The only officer who ever saw Dixon enter the house at 121 Colorado, Highland Park, Michigan, was Sergeant Demers of the Detroit Police Department Vice Squad. He testified that he saw Dixon enter the house on the afternoon of June 22, 1961, at 12:17 P.M., after having previously observed him driving his wife's car. On June 27, 1961, Sergeant Demers, accompanied by Special Agent Beaghan, saw appellant Dixon's wife's car parked in the driveway at 121 Colorado from 11:30 A.M. to 4:45 P.M.

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There is no evidence that any officer had seen, or heard any information that Phil Wall, who was arrested with appellant, and had previously pleaded guilty to violation of the federal wagering statute, was seen at any time going to the house at 121 Colorado. The government was trying to build a case on the ground that Wall and appellant Dixon, one previously found guilty of violation of the federal wagering act in 1955, and the other, of violation of the same act, in 1960, were together, frequenting the house at 121 Colorado, and that this was reasonable ground to believe that they were engaged in taking wagers in violation of the statute. The only way in which the government attempted to show that Wall had been seen going to and coming from the house, is found in the following direct testimony of Special Agent Bierman, elicited by the government:


'Q. But you had seen, on the basis of what your statement-- your statement in the affidavit-- you or other agents under your supervision had seen Phil Wall going and coming to this 121 Colorado; is that not correct? 'A. That is correct.'


An examination of the transcript discloses no testimony by Bierman, or any other agents under his supervision, or any other officers, that any of them had even seen Phil Wall going to or coming from the house at 121 Colorado.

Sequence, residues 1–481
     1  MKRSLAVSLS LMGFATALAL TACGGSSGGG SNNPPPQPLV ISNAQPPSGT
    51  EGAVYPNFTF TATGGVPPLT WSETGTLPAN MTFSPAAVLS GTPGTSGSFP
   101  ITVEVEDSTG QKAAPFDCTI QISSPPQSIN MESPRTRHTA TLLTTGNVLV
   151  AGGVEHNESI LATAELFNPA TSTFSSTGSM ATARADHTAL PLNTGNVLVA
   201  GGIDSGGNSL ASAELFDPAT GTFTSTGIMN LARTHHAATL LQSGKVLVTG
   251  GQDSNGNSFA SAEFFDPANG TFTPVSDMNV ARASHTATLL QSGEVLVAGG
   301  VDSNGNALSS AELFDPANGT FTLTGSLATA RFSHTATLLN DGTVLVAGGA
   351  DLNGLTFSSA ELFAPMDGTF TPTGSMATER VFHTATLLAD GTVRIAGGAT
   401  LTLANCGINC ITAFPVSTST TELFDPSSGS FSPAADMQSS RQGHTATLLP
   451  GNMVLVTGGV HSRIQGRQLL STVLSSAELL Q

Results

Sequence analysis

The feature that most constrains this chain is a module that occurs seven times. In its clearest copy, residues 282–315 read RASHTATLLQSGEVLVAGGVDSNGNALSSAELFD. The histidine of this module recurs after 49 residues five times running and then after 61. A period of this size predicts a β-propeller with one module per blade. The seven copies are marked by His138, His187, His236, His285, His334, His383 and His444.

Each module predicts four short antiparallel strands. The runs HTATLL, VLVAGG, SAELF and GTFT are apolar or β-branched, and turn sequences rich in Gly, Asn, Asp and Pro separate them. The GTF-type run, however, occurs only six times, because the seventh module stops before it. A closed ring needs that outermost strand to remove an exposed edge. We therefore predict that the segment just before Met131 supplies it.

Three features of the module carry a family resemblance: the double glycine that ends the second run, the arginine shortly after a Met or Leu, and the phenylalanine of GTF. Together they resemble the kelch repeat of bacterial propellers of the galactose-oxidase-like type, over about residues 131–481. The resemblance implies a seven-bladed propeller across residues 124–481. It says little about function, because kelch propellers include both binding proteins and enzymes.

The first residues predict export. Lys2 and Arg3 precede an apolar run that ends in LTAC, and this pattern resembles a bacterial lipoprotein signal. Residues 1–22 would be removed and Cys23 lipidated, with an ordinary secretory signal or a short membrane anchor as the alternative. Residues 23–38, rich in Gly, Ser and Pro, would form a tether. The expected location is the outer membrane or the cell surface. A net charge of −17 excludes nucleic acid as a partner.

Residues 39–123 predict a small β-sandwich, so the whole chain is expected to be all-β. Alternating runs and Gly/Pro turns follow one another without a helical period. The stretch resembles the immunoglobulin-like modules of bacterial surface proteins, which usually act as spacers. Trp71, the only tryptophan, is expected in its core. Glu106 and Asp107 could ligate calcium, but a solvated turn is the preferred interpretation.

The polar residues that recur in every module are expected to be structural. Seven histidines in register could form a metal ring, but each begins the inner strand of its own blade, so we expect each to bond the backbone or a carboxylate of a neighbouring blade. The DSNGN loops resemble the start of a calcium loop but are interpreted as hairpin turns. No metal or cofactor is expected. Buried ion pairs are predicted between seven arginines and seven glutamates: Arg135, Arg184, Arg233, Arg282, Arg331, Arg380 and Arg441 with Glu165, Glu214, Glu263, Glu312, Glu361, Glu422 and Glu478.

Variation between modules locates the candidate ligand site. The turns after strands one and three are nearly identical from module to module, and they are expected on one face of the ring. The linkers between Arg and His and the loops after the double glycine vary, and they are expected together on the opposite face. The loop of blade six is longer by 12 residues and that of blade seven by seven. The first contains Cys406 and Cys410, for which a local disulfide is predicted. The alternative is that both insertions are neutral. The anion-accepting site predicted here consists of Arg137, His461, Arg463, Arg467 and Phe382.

The only information which Special Agent Bierman had in making his affidavit for a search warrant was that appellant Dixon had been seen entering the house at 121 Colorado once, on June 22, 1961, and that on June 27, 1961, the car registered in the name of Dixon's wife had been parked in the driveway at 121 Colorado, as well as the fact that appellant Dixon had previously pleaded guilty to violating the federal wagering act, Title 26 U.S.C.A. 4411, 4412, and that Phil Wall had also pleaded guilty to violating the same provisions of the statute. In view of the fact that there was no evidence, prior to the execution of the search warrant, that Phil Wall had ever entered the premises of 121 Colorado, the grounds for filing the affidavit for a search warrant, as far as appellant Dixon is concerned, were that he had been seen once on June 22, 1961, entering the premises, and that five days later, his wife's car was seen parked in the driveway-- and that he had previously paid a fine for violation of the federal wagering act. This is not 'probable cause' for the issuance of a search warrant; it amounts to nothing more than suspicion on the part of the officers. The mere fact that a man has been guilty of violating the act, at some prior time, is no basis for issuing a search warrant thereafter because he has been seen on a single occasion entering premises thereafter named in the search warrant, and that, subsequent to his entering such premises, his wife's car, on a single occasion, has been seen parked in the driveway of the premises. A warrant to search a private dwelling may not rest upon mere affirmance of suspicion or belief without disclosure of supporting facts or circumstances. Under the Fourth Amendment, a judge may not properly issue a warrant to search a private dwelling unless he can find probable cause therefor from facts or circumstances presented to him under oath or affirmance. Mere affirmance of belief or suspicion is not enough. Nathanson v. United States, 290 U.S. 41, 47, 54 S.Ct. 11, 78 L.Ed. 159.


There was no probable cause to justify the issuance of the search warrant in this case. The evidence secured as a result of the execution of the search warrant should have been suppressed, and the sum of $454 seized by the agents of the government from appellant Dixon should be returned to him.


In accordance with the foregoing, the judgment of conviction is set aside; the funds seized are ordered to be returned to appellant; and the case is dismissed.